How often do I even remember to ask for boldness to do God’s will? What difference would it make in my life if I did remember to pray for boldness? When the disciples prayed for boldness they found it gave them the wisdom, the faith and the power to live faithful and effective lives. When I continually pray I find my life transformed from one of “knowing” to one of believing. With believing I find boldness to go about the work of Jesus Christ.

Father in Heaven, whether in groups I am well known or in unfamiliar places I ask for boldness to be Christ’s hands and feet in the world. May I not back down when I feel uncomfortable but remember that despite my weakness your glory can shine through. Amen.

Masks of our choosing

Then they both saw clearly and knew that they were naked. So they sewed fig leaves together and made garments for themselves. ~Genesis 3:7 (CEB)

When we make the choice to believe Satan’s lie, we believe that we must perform for our acceptance. We realize that we do not measure up. We are aware of our nakedness, our vulnerability, our imperfection.

What do we do when we realize that we do not measure up? We scramble for something to hide our shame. We put on masks of our own making, sewn together with fear. What are some masks that we might wear in our realization that we are imperfect? Here is a small list:

My service in church will make me acceptable.
I gain respect by acting responsible.
Following the rules makes me good enough.
Acting righteous makes me righteous.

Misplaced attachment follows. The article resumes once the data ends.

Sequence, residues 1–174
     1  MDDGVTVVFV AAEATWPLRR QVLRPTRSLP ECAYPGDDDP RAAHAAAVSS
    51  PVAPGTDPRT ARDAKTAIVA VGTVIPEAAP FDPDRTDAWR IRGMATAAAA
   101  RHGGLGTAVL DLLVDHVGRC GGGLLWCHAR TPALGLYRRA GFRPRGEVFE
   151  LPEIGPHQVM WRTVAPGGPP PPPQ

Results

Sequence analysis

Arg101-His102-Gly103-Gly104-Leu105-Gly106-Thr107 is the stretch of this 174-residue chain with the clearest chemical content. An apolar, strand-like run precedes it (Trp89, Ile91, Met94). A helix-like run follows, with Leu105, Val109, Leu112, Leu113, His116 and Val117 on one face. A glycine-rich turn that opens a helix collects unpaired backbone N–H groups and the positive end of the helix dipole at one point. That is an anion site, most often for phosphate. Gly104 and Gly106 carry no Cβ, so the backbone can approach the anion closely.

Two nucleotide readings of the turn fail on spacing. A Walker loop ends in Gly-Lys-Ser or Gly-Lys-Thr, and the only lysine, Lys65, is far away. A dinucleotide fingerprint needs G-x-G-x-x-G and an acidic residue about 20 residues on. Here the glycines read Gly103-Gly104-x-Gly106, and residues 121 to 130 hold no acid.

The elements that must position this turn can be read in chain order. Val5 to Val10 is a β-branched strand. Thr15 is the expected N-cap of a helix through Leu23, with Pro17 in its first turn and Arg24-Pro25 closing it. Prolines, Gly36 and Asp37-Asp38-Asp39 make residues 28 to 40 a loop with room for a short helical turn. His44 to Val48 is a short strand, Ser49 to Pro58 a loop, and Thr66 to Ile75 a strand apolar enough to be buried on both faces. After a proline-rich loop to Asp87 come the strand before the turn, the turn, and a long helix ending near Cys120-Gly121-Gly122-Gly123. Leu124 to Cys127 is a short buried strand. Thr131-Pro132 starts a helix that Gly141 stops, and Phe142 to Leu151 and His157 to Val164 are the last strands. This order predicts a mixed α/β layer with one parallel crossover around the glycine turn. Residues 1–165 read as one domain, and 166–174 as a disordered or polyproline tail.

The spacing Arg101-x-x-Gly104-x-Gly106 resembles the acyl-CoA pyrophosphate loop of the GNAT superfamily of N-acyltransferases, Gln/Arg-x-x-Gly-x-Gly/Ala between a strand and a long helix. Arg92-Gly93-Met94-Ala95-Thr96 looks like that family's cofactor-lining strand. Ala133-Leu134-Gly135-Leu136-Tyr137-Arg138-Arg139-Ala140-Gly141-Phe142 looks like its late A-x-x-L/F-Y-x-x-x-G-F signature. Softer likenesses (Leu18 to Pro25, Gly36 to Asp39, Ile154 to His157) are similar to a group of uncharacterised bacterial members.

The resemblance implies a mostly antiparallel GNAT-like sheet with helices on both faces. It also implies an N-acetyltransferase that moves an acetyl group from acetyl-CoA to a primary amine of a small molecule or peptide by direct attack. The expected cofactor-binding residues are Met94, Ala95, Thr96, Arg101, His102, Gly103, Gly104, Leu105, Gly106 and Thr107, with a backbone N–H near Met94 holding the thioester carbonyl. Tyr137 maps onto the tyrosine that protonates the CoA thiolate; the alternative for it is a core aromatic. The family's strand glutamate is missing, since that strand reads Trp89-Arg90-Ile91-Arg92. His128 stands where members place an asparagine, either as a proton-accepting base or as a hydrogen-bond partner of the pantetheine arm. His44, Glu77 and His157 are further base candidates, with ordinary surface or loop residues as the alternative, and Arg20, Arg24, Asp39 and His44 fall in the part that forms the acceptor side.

Getting up early to pray every morning will make me a good Christian.
Cooking healthy meals makes me a good mom.
Keeping my house clean makes me a good wife.
Working hard makes me a good employee.
Insert here your own insecurities…

Does God leave us in our insecurities? While we are hiding God comes looking for us. He beckons to us, calling us to come out to him. “Where are you”, he calls. He already knows our hiding spot (Gen 3:8-9). He calls to us because we have to come out of hiding in order to be found. We have to come out from behind our masks in order to be healed, in order to be made whole.

Heavenly Father, I thank you for calling to me and not leaving me behind my masks of insecurities. I want to be made whole. Help me to be healed. Amen.

Truth is…

Is there no balm in Gilead? Is there no physician there? Why then is there no healing for the wound of my people? ~Jeremiah 8:22 (NIV)

“Can we only speak when we are fully living what we are saying?  If all our words had to cover all our actions, we would be doomed to permanent silence!  Sometimes we are called to proclaim God’s love even when we are not yet fully able to live it.  Does that mean we are hypocrites?  Only when our own words no longer call us to conversion.  Nobody completely lives up to his or her own ideals and visions.  But by proclaiming our ideals and visions with great conviction and great humility, we may gradually grow into the truth we speak.  As long as we know that our lives always will speak louder than our words, we can trust that our words will remain humble.”~ Henri Nouwen, The Wounded Healer

Sometimes the words I speak are not the things I feel. Sometimes the smile on my face does not disclose the pain that lives inside. Sometimes the truth I speak is still struggling to take hold in my heart.

While I struggle with living the truths that I know, that doesn’t make them any less real. I know that I am a beloved child of God, even if I don’t always “feel” that love. Does that make me a hypocrite that I profess God’s love when I don’t always feel it myself? No I really don’t think so. I can’t always trust my feelings. I have to remember the truths I know. Gradually I grow into these truths. Slowly I move more toward the convictions I profess. With great humility I continue to spout that I am simply a human with a vision of one day completely feeling that Love that I know I already surrounds me.